In the end, the book played out just like the story – and, at last, some of Oxford’s dirty little secrets are out.

Absolutely amazing – What you can learn reading Wilkie’s “Fall of the House of Zeus”

In an interview with Tupelo journalist Patsy Brumfield appearing on Sunday’s, “Zeus” author Curtis Wilke said,

“There were any number of subplots in the book that could be developed into bigger stories. I chose to concentrate on the Johnny Jones suit and the approach to Judge Lackey in order to keep a strong focus on one case. So Scruggs II, as the prosecutors called it, the case that sent Bobby DeLaughter to prison, does not get a full treatment in “Zeus.”

Wilke’s snapshot of Scruggs II, however, is more than sufficient for readers to see the big picture of the case and the influence it had on the outcome of Scruggs I.  A pretty picture it is not but it confirmed what had previously been rumored:  the legal team  representing Scruggs, Scruggs and Backstrom held a “mini-mock trial…to evaluate the strength of the prosecution’s case” – an exercise described on pages 293-294 as producing “unhappy results”:

“the defense…[of the charges related to the bribery of Judge Lackey]…had been overwhelmed  by the introduction of the second case….[the alleged bribery of Judge DeLaughter]…and the suggestion that Scruggs had a history of bribing judges.” (pg. 294)

Allegations of the bribery of Judge DeLaughter first surfaced in the Grand Jury testimony of Tim Balducci:

“Balducci’s information not only imperiled Langston and Peters, it exposed Scruggs to a second charge of bribing a judge.  This opened the door for the government to use the 404(b) provision to show that Scruggs had a predilection for criminal behavior.” (page 264)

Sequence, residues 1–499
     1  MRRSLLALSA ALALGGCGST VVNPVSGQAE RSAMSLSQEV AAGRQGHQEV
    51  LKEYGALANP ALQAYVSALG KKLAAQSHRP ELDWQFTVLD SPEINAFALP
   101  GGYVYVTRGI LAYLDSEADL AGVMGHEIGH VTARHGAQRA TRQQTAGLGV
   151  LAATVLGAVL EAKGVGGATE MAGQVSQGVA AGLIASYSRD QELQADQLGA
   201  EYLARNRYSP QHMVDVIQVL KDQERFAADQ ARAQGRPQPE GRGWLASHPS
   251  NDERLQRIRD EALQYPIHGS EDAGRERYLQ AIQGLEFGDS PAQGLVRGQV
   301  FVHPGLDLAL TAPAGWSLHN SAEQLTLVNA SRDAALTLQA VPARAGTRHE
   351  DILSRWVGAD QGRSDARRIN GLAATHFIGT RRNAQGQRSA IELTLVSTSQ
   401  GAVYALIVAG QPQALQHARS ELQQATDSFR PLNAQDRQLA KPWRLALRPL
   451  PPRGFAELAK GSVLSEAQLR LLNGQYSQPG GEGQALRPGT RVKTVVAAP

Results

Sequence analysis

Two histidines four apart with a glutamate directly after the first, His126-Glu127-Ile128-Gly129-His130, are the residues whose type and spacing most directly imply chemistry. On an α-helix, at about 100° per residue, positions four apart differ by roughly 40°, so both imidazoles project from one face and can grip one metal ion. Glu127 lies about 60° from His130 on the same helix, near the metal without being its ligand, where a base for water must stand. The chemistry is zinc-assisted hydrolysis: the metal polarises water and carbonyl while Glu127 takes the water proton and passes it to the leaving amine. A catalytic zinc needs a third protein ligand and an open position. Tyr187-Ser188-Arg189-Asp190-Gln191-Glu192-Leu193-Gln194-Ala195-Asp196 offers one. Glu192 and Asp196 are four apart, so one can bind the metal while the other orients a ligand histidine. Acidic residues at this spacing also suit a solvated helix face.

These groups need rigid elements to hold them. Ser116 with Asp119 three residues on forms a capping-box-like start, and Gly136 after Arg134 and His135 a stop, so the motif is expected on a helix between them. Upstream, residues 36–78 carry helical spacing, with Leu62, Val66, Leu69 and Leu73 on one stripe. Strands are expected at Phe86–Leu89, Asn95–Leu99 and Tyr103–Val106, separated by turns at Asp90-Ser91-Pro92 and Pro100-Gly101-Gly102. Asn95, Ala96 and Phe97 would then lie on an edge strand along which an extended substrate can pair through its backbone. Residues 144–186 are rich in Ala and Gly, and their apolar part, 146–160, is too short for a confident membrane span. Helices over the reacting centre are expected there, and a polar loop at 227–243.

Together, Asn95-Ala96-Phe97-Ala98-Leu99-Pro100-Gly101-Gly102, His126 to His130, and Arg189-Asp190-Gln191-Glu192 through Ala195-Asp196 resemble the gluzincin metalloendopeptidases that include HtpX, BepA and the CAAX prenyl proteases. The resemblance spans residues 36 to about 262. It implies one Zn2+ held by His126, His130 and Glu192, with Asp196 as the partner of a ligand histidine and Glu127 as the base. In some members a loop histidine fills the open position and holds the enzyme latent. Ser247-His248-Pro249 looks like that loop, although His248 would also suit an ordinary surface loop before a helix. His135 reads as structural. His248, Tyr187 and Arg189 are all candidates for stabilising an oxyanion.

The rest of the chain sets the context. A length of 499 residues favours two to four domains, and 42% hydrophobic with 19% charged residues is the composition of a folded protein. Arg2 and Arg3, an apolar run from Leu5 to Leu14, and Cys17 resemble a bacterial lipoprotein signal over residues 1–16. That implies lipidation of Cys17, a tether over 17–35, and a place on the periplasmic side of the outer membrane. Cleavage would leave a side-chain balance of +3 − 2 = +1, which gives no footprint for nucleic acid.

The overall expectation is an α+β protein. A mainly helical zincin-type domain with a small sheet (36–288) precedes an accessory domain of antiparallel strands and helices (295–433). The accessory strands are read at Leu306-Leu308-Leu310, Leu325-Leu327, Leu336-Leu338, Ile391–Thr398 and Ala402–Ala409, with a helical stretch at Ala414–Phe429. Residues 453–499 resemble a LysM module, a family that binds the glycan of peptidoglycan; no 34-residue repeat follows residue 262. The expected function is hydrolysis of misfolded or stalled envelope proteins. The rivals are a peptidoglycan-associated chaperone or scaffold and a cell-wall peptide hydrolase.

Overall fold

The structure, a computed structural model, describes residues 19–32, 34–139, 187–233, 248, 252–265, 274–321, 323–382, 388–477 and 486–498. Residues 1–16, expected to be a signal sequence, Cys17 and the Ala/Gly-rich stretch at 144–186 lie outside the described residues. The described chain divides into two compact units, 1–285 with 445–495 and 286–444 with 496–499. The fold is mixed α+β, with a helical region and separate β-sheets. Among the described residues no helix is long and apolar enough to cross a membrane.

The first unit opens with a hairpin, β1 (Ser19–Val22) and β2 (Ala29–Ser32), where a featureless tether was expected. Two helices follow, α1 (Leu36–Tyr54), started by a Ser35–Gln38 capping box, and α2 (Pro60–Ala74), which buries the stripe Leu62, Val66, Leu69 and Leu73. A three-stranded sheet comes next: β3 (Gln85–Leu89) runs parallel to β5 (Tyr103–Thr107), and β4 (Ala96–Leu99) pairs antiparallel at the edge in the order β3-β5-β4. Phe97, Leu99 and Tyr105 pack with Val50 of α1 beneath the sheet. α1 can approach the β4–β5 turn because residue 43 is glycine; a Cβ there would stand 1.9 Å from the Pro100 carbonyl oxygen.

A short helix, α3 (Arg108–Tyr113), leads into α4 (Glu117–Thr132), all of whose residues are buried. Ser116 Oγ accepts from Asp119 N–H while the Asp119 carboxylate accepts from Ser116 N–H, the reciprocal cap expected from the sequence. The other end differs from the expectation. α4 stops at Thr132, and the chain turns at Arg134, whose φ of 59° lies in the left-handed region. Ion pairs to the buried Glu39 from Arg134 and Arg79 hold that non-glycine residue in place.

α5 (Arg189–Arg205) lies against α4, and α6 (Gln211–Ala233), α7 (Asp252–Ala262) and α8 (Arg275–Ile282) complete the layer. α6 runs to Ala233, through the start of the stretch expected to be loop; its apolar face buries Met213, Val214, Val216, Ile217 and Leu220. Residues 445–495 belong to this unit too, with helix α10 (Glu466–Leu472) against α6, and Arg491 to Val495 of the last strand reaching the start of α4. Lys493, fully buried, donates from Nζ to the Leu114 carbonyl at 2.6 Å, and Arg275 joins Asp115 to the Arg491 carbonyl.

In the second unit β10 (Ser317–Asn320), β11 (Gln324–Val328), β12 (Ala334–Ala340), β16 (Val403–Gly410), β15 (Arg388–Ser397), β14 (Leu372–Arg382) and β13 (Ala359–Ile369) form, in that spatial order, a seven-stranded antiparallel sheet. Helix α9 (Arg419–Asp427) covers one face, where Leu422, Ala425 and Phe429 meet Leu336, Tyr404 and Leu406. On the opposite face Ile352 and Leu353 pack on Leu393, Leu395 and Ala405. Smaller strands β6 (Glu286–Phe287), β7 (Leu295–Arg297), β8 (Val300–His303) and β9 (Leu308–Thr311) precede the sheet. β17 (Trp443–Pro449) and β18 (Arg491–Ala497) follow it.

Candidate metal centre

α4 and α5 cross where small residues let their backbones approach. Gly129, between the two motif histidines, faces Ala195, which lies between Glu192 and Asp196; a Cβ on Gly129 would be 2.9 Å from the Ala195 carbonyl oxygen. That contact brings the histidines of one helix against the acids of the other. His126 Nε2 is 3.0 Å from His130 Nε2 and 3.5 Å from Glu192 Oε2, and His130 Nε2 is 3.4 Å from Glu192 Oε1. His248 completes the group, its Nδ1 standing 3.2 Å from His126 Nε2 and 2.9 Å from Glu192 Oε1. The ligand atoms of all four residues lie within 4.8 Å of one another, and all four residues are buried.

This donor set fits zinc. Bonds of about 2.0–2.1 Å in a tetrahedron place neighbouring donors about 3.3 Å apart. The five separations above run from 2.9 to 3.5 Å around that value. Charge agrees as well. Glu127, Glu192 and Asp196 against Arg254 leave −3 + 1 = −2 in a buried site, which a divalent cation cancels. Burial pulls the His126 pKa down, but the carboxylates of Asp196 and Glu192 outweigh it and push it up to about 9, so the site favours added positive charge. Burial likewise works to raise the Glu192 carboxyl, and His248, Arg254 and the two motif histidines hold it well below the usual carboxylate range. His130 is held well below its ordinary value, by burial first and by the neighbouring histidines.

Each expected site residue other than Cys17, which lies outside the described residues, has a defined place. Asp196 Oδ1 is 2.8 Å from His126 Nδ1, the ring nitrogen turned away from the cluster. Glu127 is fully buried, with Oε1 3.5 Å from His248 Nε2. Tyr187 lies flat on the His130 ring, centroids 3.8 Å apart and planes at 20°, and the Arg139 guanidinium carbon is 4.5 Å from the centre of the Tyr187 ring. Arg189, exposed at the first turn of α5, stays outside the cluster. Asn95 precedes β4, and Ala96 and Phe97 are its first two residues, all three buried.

However, during a hearing on the Scruggs motion to dismisss Scruggs I charges against Scruggs, Scruggs and Backstrom, attorney John Keker had a brief opportunity to cross-examine Balducci and “pounced on inconsistencies”: Continue reading “Absolutely amazing – What you can learn reading Wilkie’s “Fall of the House of Zeus””

On the outside looking in at

The release of Curtis Wilke’s book on the “rise and ruin” of Dick Scruggs, “The Fall of the House of Zeus”, has reopened discussion of a subject I addressed in a June 5, 2008 post,  On the outside looking in at “the perspective of honest lawyers”.

As someone who is two-plus years older and still not a lawyer, I remain on the “outside looking in” – although, definitely, both “older and wiser” on “the perspective of honest lawyers” in terms of the anger they feel at Dick Scruggs for tarnishing their profession.  Like all growth, growing “older and wiser” was painful at times.  However, the aches and pains of aging paled to the heartache I felt while gaining wisdom from the anger of  “honest lawyers”.

Simply stated, not all who make the claim are “honest lawyers” but the truly honest are easily identified.  “Honest lawyers” also express anger toward the system of justice that failed in so many ways.  They rage and rail about the “good ole boy network” that closed rank to protect Judge Lackey and remained silent about the government’s conduct.  Honest lawyers seek no advantage and decry a system that viewed Grady Tollison’s contact with Judge Lackey with a closed eye.  Honest lawyers trade on their skill, have no connections to tout, and never ever toot their own horn in public.

Consequently, the belief expressed in my closing statement is one I believe even more today than when I hit “publish”: